TORONTO -- The secretary general of the United Nations is calling on Canada to boost its overall foreign aid budget to meet an ambitious international target.

Ban Ki-moon urged Canada and all G7 countries to commit 0.7 per cent of GDP on overseas development, significantly more than the 0.3 per cent Canada currently spends.

Ban's comment injected a dose of unexpected public criticism of the Harper government's sometimes controversial development agenda, which has included a freeze on aid to bring down the deficit.

Ban called for the increased spending Friday while standing alongside Prime Minister Stephen Harper at a news conference wrapping up the PM's three-day international child and maternal health summit in Toronto.

Ban's comment on the 0.7 target represented a gentle dose of public criticism of the prime minister who has lately basked in the adulation of several high-profile international figures, especially after Thursday's commitment of $3.5 billion in additional spending on child and maternal health over the next five years.

Helping newborns and mothers in the developing world has become Harper's signature foreign development priority. In Ban, Harper won wholehearted public support from the chief of the UN, an organization he has often criticized and been accused of snubbing.

Ban said the commitment will create momentum in the effort to save some of the 2.9 million babies who die in the first month of life -- one million of them on the day they are born.

"I call on other leaders of the world and business leaders of the world to follow Canada's example," he told the summit to applause.

But afterwards Ban chided Harper on the need to do more to boost broader development spending when asked about the issue at the news conference.

Ban said he is grateful for that contribution and for Canada's continuing support in humanitarian crises such as the civil war in Syria.

But he said he nonetheless believes it is within Canada's grasp to match the spending threshold.

"This overall agreed target should be met," Ban said. "I sincerely hope that the countries of the OECD and particularly G7 should lead by example.

Canada targets its foreign aid spending at programs that produce results, Harper said.

"It's the philosophy of our government and, I believe, of Canadians more broadly that we do not measure things in terms of the amount of money we spend, but in terms of the results we achieve."

Ban and Tanzanian President Jakaya Kikwete heaped praise on Harper as the trio wrapped up the summit, a centrepiece of the prime minister's long-standing efforts to tackle the issue of mother-child health around the world.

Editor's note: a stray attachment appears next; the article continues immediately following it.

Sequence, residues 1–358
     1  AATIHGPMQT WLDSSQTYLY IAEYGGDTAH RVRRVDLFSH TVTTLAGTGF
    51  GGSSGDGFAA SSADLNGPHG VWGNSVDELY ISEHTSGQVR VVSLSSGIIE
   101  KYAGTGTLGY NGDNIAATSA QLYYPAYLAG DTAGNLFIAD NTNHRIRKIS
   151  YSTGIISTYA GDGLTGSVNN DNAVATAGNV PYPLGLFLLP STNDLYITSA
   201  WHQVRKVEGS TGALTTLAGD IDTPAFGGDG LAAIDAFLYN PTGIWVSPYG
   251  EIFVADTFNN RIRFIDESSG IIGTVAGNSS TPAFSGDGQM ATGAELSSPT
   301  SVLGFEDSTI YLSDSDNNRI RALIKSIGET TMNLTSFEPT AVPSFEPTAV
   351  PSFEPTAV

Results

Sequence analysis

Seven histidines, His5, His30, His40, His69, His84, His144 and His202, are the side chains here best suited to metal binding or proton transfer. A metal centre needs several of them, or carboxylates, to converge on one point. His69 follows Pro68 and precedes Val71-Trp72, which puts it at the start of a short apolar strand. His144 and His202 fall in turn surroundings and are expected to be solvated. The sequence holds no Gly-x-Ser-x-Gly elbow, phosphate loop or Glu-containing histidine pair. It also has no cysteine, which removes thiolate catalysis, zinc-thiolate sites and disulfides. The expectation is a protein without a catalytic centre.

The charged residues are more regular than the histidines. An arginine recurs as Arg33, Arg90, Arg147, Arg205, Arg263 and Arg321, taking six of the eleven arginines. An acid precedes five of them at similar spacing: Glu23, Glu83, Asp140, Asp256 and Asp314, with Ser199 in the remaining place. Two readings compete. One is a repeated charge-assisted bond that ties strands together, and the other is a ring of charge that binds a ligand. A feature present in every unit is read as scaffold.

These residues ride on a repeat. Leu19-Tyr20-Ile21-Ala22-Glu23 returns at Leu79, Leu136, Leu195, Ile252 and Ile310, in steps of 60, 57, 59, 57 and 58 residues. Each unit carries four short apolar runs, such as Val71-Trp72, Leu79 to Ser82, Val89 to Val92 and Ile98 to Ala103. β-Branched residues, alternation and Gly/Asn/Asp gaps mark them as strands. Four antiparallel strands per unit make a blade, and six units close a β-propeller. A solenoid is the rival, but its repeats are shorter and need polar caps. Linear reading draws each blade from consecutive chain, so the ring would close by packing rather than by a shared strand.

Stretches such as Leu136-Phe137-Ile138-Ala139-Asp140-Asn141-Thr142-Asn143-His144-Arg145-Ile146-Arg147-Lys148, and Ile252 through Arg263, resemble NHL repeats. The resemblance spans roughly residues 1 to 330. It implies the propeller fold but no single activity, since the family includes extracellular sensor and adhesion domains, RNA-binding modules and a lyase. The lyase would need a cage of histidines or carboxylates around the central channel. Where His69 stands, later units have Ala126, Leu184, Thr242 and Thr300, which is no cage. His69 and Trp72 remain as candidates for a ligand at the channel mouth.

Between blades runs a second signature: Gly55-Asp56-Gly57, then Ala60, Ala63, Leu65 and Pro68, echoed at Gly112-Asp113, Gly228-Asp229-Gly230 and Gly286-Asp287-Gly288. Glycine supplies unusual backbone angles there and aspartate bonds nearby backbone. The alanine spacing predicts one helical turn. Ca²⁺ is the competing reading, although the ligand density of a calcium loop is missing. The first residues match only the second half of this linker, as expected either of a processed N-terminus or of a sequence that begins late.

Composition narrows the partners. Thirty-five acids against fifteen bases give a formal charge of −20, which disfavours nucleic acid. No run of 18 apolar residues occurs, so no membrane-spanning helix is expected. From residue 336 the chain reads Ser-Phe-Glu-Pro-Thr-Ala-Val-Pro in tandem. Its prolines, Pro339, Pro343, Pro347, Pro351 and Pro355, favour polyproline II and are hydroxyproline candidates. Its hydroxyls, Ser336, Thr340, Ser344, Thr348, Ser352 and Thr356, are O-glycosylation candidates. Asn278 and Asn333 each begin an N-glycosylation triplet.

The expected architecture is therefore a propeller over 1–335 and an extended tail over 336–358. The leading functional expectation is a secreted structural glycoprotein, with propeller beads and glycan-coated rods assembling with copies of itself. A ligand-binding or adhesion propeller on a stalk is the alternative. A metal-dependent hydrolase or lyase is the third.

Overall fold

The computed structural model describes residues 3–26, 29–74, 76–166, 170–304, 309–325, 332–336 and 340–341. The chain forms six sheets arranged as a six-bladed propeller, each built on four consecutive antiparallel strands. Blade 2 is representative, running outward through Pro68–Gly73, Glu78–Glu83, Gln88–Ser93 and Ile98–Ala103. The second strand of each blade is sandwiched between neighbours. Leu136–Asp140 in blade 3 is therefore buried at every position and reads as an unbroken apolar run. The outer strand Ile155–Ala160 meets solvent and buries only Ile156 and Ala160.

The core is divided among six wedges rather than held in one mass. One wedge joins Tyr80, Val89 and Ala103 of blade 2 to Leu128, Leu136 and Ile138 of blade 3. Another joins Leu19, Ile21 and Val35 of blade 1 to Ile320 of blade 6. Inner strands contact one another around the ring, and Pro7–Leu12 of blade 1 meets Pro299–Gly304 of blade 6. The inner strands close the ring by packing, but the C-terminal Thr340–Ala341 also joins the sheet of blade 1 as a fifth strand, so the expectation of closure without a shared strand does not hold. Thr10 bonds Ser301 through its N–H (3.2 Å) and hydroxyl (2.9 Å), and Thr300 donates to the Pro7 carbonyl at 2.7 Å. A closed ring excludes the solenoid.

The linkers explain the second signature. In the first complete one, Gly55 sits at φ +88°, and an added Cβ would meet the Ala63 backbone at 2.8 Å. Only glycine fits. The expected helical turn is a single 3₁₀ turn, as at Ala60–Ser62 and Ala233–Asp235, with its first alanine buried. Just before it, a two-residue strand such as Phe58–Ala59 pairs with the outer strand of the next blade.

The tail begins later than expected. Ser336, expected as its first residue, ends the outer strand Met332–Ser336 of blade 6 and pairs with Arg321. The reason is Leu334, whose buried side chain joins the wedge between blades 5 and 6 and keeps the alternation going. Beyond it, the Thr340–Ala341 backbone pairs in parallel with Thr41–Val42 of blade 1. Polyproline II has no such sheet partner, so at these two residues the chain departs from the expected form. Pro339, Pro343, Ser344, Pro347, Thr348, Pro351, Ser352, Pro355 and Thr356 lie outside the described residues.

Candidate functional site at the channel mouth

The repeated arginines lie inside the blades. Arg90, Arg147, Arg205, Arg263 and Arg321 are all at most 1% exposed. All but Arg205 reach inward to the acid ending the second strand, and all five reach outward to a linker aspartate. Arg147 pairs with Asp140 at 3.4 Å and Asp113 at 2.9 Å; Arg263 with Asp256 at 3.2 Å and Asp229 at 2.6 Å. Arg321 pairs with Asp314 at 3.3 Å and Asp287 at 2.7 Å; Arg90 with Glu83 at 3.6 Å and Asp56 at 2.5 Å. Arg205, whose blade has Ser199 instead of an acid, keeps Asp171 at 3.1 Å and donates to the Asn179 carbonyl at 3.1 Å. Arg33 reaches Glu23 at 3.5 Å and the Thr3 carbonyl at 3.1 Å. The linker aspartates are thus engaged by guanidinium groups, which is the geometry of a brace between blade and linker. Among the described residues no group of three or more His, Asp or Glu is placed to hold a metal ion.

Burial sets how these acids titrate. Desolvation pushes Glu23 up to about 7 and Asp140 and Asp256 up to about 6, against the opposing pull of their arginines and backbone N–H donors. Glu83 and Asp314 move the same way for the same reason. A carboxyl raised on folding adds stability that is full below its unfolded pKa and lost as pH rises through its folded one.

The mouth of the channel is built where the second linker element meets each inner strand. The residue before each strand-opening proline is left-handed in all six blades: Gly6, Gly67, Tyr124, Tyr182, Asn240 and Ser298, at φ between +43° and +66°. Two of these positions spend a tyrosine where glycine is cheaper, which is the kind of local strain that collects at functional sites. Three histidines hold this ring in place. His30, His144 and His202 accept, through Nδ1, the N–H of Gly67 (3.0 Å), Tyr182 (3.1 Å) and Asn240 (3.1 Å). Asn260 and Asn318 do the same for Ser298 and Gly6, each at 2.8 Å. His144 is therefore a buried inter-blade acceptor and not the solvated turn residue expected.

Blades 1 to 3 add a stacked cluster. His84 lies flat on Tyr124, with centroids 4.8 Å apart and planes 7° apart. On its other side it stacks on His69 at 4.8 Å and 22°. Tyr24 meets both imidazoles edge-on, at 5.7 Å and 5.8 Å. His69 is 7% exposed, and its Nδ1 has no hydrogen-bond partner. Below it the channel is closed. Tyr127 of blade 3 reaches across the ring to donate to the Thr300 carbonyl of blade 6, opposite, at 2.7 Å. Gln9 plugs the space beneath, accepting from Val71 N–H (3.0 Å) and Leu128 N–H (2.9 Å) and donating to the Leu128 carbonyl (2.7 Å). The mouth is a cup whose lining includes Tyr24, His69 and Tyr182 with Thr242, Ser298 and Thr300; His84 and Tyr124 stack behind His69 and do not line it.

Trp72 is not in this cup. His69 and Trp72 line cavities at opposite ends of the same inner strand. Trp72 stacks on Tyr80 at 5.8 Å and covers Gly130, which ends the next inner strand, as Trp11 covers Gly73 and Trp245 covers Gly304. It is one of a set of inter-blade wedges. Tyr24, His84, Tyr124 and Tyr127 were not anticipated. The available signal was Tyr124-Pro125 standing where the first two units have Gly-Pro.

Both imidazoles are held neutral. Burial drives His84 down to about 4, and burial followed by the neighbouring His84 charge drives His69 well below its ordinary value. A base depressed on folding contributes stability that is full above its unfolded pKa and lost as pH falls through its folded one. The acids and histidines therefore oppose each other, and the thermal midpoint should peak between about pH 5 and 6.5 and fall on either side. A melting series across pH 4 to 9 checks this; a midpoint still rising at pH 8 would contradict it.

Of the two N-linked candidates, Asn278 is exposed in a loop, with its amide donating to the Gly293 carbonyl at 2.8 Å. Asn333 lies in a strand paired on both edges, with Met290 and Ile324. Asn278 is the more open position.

"I go back home totally satisfied that I've been to a very successful summit, a very useful summit," Kikwete said.

He said he is "excited that from now on there is going to be acceleration and beyond 2015 we're going to see more robust interventions to finish the unfinished business."

The two men thanked Harper for his commitment to maternal and child health and his promise to galvanize the world community to further support the cause.

Harper himself will do just that next week when he meets his fellow G7 leaders in Brussels, where he is expected to push for further global support of his efforts to improve maternal, newborn and child health.

Much remains to be done, because even one child's death from a preventable cause is one too many, but progress has indeed been made, Harper said.

But he indicated he's sensitive to the fact that some of his G7 partners are in worse economic shape than Canada.

NDP development critic Helene Laverdiere said she is concerned about $370 million worth of cuts to Canada's overall international aid spending.

While countries like Britain are hitting the 0.7 per cent target, Canada's official development assistance is at an almost record low, she said.

"We want Canada to commit to raising our ODA to 0.7 per cent."

Anthony Lake, the chief of the United Nations Children's Fund, said child welfare issues should transcend partisan politics.

"I do not know his (Harper's) motives. I'm sure parts of them are of genuine passion for children," Lake told The Canadian Press.

"And a part of it is probably political. And that's a good thing. We are all trying to make these issues part of the political scene because there should be a popular demand for dealing with the welfare of children around the world."

Overall, Harper's efforts won broad support from the many international leaders who participated in the Toronto summit.

"In a world of great knowledge and wealth, no child should die from preventable illness, and no mother should lose her life while giving birth -- yet too many women and girls are being left behind," Ban said.

In a poignant moment during his speech, Ban explained why as travels the world advocating for women and children, it is "an issue close to my heart."

Ban told a story that he's never mentioned in public before: he had an older sister and brother who died soon after birth.

Ban said food was scarce in his South Korean village and women dreaded giving birth.

"I should have been the third child," Ban said.

"I had an elder sister and elder brother, according to my mother. But unfortunately they died soon after their birth. I have no memory (of them) at all."